Have you ever had the experience of waking up in a spot that wasn’t where you went to sleep? If you have, chances are you’re probably an avid dreamer and sleep talker/walker.
Somniloquy (sleep talking) and noctambulism (sleep walking) both fall into the category of parasomnia – unusual sleep behaviours and movements and it’s quite likely you, a friend or a family member are prone to a bit of nocturnal chatter. Turns out, taking a sleeping stroll or having a nice talk in the middle of the night is surprisingly common: a recent American study finding around 50 per cent of children and between five and ten per cent of adults sleep talk.
But why does our brain decide 1am is a good time for a chat or a brisk walk? Well, both conditions are mainly byproducts of our brain functioning as a mental ‘recycling bin’. It sorts through everything we’ve experienced while we’re awake and churns out dreams in the process.
Because of this, our dreams function as a vehicle for the brain to process the things freaking us out, in a bid to help us cope and solve our dilemmas. This is why they often feature the things preoccupying us – positive or negative.
As a rather active sleep talker from a young age I can attest to this. Having been told that while I sleep talk relatively regularly, it tends to spike after I’ve experienced something unsettling or frightening during the waking hours.
Madeleine Smedley sleep talked and walked for most of her life and notices when her waking life is stressful, her sleep walking and talking tend to be the same.
“I’ll find myself [asleep] just wandering around the house and trying to get things done,” she says. “I’m usually cleaning, organising or getting something together like getting out my clothes for the next day. Something like that.”
According to America’s National Sleep Foundation, while sleep talking can run in families and be relatively benign, it’s almost always influenced by external factors. Madeleine has certainly found this to be true.
“When I’m in a new location, if I’m staying the night somewhere I haven’t stayed before, I sometimes get out of bed and wander around,” she says. “It’s because I’m feeling unsafe and in unfamiliar territory”.
Despite saying her dreams and parasomnia have mostly been a result of stress – rather than the aftershocks of experiencing a traumatic or violent event – Madeleine says the incidents tend to share a common theme of aggression.
“Based on accounts that I’ve heard, all of my sleep talking is usually sleep arguing,” she says, “so it’ll be along the lines of ‘No. Stop that. Get off. I don’t like it’”.
But what about when we do experience a disturbing event? How does the recycling bin cope then? Despite our brain’s best intentions, things often don’t work out in the most positive way and we’re left with nightmares, or worse, night terrors. Both nightmares and terrors tend to be a result of trauma.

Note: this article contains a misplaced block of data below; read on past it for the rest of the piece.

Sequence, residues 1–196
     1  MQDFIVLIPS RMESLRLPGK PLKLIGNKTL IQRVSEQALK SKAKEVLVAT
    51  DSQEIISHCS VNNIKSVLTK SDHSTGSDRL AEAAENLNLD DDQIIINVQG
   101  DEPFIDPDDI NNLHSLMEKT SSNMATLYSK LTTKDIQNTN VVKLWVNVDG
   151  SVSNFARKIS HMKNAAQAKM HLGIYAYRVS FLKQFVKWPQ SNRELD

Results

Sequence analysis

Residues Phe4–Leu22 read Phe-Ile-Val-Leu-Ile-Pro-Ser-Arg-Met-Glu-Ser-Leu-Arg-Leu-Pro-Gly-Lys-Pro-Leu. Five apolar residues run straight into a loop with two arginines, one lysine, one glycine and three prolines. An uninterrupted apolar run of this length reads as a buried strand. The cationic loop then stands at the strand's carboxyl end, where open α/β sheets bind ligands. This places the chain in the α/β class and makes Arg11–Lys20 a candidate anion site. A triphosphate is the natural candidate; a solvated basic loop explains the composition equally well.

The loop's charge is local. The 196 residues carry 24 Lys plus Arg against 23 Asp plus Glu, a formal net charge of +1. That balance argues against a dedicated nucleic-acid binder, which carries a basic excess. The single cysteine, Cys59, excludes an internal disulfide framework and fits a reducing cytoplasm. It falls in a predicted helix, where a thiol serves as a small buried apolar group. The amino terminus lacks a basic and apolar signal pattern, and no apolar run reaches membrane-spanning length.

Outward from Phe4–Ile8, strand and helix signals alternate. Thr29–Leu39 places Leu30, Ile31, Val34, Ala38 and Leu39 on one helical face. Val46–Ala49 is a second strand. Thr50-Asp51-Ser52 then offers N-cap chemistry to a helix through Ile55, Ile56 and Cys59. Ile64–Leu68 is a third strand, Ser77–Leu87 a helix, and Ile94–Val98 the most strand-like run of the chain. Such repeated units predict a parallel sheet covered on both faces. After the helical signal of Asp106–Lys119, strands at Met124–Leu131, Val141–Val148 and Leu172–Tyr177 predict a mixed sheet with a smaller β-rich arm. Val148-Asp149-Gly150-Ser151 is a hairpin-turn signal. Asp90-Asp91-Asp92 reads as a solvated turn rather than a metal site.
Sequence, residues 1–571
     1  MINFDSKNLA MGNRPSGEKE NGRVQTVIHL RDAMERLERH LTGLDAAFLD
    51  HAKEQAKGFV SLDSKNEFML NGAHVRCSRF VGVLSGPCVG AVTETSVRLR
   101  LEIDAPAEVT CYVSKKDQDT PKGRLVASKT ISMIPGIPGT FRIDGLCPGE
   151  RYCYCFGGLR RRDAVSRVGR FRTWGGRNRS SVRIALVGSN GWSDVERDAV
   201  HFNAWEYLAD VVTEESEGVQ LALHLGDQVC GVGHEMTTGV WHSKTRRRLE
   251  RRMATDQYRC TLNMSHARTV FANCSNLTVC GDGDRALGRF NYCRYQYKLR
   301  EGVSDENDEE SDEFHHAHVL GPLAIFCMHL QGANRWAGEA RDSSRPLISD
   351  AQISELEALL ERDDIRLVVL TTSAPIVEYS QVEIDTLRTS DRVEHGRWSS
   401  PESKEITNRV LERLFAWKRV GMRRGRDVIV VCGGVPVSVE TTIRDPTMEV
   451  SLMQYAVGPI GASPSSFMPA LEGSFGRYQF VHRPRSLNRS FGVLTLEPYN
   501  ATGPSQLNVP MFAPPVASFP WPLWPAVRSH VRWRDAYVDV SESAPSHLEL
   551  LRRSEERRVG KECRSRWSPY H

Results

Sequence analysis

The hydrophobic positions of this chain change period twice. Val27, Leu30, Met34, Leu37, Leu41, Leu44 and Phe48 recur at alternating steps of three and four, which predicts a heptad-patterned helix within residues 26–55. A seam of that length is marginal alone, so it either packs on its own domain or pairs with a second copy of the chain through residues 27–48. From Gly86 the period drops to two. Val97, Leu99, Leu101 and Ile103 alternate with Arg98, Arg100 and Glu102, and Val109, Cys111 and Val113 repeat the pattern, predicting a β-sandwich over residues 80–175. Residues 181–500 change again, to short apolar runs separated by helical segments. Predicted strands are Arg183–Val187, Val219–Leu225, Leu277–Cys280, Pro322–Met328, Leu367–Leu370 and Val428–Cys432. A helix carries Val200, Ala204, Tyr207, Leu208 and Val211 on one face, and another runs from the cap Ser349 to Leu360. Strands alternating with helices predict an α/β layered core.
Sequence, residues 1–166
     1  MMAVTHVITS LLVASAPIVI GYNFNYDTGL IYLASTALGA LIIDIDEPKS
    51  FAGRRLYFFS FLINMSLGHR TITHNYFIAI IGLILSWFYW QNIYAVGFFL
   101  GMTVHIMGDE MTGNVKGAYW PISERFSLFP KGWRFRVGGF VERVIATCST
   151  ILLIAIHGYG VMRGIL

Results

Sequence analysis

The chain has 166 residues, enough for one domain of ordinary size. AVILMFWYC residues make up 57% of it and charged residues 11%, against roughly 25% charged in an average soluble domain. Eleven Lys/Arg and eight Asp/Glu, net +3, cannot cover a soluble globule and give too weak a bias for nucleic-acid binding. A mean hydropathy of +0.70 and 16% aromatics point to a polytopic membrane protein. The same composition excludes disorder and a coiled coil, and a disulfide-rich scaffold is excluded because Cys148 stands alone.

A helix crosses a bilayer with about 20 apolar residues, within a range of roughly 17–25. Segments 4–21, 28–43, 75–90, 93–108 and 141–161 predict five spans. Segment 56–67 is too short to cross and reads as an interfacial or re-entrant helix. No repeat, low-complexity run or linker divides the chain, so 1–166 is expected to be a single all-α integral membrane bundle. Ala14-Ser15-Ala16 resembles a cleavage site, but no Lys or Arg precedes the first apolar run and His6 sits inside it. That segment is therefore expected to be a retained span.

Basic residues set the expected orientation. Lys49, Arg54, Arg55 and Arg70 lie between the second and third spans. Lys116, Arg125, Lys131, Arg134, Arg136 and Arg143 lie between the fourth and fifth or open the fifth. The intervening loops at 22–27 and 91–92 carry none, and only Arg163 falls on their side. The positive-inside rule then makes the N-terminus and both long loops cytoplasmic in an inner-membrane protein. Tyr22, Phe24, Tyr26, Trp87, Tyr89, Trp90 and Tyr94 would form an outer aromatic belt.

Radio producer and former armed forces member Ken Lim suffered a series of night terrors as a result of what he calls the “psychological violence” he experienced in the army and air force.
“When I was in the armed forces, it was really drilled into us that we needed to consistently be more prepared than we actually needed to be,” Ken said.
“Once I came back to civilisation [normal life] where we can decide things for ourselves I just couldn’t get accustomed to that, no matter how much I did I never felt like I had enough time.”
Ken was often abruptly awakened to be delivered bad news, which he thinks had a distinctive impact on his sleep cycles and parasomnia. So much so it lead to a pretty scary episode of noctambulism when he was disturbed by his housemate one evening.
“She woke me up and I actually just freaked out,” he says. “I jumped on top of her and almost started strangling her because I was so, truly afraid that this was somebody who was going to assault me.”
Many sufferers of Post Traumatic Stress Disorder (PTSD) suffer from night terrors that either directly relate to negative events or manifest in equally terrifying but seemingly unrelated things. For Ken, this was insects.
“It would get set off by something as simple as a mozzie bite that would flip me out,” he says. “Overnight I would wake up and I would have dreams about just my mattress being really really thin and being bitten through that mattress.”
What can be done to help people who suffer parasomnia? Ken found sleeping with someone else helped and he no longer suffers from terrors or forms of parasomnia.
“I felt like that really helped out to have somebody that you could always count on and be used to having them beside you,” he says, “because I know if I were to be woken up in the middle of the night it would be this person”.
There are multiple sleep therapy centres in Melbourne alone, working to help people overcome the effects trauma has on our sleep.
For less severe instances of sleep walking and talking treatment is not always necessary (unless someone may get physically hurt). But we still need someone to ask the hard hitting questions.
Art by Anna Zobel
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